Sunday, October 28, 2012

Sri Lanka -- off the tourist trail

Well, here it is – finally. I've included a few pics which I feel reflect the atmosphere of Sri Lanka. It was very hard to edit so I apologise in advance.

One of the first things you notice in Sri Lanka are the tuk tuks. They are the most common mode of transport for short distances and they're everywhere! On our first day, we managed to cram all five of us in the back of one which is a pretty good effort give we are not midgets.

Temples and statues. Steve gave Ruby the nickname 'little buddha' because she took to wearing her hair in a bun on the top of her head.

There was plenty to experience in the way of food too. We were always very well fed and felt great on the (mostly) vegetarian diet we adopted whilst there. I wasn't expecting curries for breakfast, lunch and dinner but we got used to it fairly quickly.

In Kandy, with our friend Wasa.

Pinnawala Elephant Orphanage was a bit 'staged' but we did get to see elephants on mass. Cute little ones too. 

The tea plantations near Nuwara Eliya in the highlands. We toured a tea factory and learnt about the whole tea process. There were hundreds of tea sacks ready to be packaged and sent all over the world. We gave up looking for a decent coffee and opted to embrace the tea which was a good choice. I guess you could call us tea connoisseurs.

Our friend Was a took us out for a bite to eat one night. We stopped at this Hindu temple along the way for a spot of culture. That night we had one of our most enjoyable meals at Sri Ganeshananda Brahmins (did you get that?) where the food was served on banana leaves and we ate with our hands.

One of the highlights of our trip was Polonnaruwa. A hot, dry inland town. We stayed with 'Aunty Daisy' in a small village outside of town. After spending four hours on a local bus and 20 minutes on a tuk tuk we finally arrived in the midday heat which, on this particular day, was 38.5°C (the hottest place in the country!). After brief introductions and a cool drink we headed to the river for a picnic which was another 25 minute walk through dry rice paddies. The picnic consisted of, well, curries – very delicious. Aunty Daisy and her friend Chappas whipped up the most amazing selection, all done over a wood fire! 

At the river there were signs of elephants everywhere in the form of footprints and dung. This was a popular place for them to visit at the end of the day. The elephants and locals have a mutual respect for each other. We stayed until late in the hope of seeing some but sadly it wasn't to be. Instead we got to enjoy the delights(?) of an all over body exfoliation courtesy of the little fish. The unexpected nibbles were enough to make you squirm and squeal. People pay big money for this in Asia!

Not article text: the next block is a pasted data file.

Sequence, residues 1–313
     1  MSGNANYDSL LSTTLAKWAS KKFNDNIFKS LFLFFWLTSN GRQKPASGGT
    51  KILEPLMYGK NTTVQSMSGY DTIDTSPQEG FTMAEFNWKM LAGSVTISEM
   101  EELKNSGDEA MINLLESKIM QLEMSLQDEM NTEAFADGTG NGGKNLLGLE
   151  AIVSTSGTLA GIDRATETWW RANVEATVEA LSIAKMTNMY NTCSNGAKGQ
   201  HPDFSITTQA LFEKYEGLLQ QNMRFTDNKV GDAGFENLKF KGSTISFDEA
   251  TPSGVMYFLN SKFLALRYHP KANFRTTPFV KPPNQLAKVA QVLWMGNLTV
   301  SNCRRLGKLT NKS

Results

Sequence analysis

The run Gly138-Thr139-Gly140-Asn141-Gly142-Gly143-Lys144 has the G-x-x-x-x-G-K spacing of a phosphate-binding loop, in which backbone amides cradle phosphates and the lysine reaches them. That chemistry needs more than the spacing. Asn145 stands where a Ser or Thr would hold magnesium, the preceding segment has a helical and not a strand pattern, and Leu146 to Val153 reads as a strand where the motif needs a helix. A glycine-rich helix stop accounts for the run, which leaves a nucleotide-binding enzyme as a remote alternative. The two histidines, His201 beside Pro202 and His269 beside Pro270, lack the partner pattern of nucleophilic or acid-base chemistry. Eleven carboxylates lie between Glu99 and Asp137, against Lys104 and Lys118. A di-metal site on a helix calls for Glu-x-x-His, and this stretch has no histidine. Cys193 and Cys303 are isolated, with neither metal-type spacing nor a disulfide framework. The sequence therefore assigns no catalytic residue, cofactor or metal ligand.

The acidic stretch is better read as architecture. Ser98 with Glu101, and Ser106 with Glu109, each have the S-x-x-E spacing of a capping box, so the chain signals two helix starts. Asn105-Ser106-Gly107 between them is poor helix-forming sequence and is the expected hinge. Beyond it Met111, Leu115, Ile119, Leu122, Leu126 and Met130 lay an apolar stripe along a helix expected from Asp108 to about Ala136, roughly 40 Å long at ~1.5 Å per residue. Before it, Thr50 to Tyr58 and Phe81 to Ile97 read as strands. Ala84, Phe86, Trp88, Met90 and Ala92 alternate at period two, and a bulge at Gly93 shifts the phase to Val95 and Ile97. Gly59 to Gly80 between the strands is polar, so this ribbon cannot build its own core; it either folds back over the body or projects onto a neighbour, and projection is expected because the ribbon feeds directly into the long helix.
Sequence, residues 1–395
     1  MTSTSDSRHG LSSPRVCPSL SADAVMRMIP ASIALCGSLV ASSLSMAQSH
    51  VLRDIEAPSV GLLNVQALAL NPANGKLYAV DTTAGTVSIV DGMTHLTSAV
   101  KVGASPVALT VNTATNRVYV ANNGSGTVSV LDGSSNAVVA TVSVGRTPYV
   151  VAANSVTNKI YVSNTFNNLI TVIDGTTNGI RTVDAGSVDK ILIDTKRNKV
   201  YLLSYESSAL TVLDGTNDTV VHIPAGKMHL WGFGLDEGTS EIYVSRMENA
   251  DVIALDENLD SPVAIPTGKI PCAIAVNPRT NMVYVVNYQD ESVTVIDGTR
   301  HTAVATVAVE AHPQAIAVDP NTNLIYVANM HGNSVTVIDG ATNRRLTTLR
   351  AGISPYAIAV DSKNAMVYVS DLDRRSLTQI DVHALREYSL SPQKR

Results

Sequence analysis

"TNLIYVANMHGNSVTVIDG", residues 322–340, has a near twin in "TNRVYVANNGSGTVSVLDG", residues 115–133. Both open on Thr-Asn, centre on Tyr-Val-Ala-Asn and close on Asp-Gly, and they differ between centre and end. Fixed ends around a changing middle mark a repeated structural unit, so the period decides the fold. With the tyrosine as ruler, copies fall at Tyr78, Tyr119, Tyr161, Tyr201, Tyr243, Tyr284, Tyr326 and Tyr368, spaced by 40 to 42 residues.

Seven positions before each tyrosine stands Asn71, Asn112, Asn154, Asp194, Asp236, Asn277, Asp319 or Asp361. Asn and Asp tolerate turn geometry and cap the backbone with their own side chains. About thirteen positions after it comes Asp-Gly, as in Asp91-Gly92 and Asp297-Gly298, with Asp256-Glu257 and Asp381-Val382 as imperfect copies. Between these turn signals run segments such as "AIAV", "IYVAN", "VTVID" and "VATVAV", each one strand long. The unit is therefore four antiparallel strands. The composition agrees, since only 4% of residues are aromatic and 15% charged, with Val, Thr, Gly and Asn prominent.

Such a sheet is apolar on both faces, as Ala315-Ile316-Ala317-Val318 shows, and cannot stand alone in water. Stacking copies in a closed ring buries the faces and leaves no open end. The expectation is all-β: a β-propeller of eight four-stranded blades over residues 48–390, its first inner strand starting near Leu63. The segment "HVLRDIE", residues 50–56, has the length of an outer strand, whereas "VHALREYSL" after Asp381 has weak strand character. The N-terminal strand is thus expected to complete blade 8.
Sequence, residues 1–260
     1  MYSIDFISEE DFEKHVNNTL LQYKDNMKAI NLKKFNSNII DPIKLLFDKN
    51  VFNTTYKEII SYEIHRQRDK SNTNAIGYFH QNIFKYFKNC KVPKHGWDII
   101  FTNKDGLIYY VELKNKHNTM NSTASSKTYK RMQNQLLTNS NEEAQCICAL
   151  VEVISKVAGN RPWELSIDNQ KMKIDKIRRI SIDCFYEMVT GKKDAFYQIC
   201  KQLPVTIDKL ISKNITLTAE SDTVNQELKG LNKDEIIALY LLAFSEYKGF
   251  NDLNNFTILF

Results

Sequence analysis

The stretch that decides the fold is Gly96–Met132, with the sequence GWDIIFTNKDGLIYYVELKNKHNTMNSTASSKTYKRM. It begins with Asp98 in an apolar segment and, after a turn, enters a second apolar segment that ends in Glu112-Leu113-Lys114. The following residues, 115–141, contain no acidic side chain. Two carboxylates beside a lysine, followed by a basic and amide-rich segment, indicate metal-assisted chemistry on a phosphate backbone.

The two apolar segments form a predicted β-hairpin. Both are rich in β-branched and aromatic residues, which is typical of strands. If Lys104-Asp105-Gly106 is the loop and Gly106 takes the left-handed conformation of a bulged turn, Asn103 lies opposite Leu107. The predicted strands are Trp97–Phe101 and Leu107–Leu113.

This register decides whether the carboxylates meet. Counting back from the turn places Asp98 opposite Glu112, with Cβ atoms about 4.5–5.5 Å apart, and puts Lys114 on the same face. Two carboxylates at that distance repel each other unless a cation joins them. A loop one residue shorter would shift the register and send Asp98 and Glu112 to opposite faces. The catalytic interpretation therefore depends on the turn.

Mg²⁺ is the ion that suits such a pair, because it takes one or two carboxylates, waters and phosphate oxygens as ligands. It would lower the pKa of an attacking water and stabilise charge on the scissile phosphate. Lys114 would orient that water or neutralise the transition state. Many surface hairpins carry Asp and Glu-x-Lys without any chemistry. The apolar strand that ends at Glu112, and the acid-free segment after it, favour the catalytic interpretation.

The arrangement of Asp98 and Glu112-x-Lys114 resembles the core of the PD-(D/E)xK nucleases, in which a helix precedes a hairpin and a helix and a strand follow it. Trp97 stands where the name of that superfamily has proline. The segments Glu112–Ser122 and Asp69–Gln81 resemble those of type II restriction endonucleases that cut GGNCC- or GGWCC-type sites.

We felt Sigiriya was close, yet so far away (a three hour drive) given the soaring temperature. There were also reports of several tourists being taken to hospital for wasp stings which I didn't particularly fancy. So we opted to hire a driver to take Steve and I to see some of the local ruins while the girls stayed behind to play in the well and feed the cows. 

Later that afternoon the same driver took us to a secluded water hole in a reserve which was gorgeous – and close to another spot which crocodiles reportedly inhabited. Maybe that's why we didn't see any other people there? On the drive to this place Steve saw a croc swimming down a river where locals were swimming a bathing. Eek! After sun down, we went spotlighting for elephants down by the lake on our way back but sadly we didn't see any there either (apparently they were at the river that night!). We did eventually see a herd across the lake the next day. 

It was hard to say goodbye to Wasa (and the kittens and dogs) but we had other sights to see on the south coast, namely Hikkaduwa and Galle. Being on the west coast, Hikkaduwa was a lovely place to enjoy spectacular sunsets. I can't remember the last time a spent and entire day on the beach just reading, sleeping and swimming. Pure bliss.

The old Dutch Fort in Galle was a nice place to pick up some tasteful souvenirs. It was a little touristy, but we spent most of our time off the tourist trail so it was to be expected. A nice place to spend the day.

There were so many things in Sri Lanka we didn't get see, but we weren't disappointed – quite the opposite. We got to experience things we never expected. 

The true highlight however, has to be the people we met along the way and the things they did to make our holiday memorable. Thanks Wasa, for showing us a great time and for looking after us. Thanks also to Aunty Daisy and Apu for making sure we were never hungry.